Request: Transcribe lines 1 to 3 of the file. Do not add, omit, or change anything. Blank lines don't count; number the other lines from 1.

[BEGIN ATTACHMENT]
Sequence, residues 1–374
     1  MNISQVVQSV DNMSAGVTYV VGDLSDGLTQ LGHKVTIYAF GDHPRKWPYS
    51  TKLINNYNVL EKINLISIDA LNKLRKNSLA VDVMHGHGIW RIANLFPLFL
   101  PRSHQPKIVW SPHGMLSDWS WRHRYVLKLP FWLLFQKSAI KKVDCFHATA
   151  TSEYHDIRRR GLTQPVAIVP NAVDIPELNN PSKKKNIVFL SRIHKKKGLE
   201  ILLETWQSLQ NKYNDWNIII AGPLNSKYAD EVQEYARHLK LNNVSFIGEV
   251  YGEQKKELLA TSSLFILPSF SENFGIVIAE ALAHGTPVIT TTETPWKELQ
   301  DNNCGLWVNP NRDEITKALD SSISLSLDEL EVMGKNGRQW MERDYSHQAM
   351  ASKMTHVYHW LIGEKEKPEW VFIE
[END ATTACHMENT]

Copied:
Sequence, residues 1–374
     1  MNISQVVQSV DNMSAGVTYV VGDLSDGLTQ LGHKVTIYAF GDHPRKWPYS
    51  TKLINNYNVL EKINLISIDA LNKLRKNSLA VDVMHGHGIW RIANLFPLFL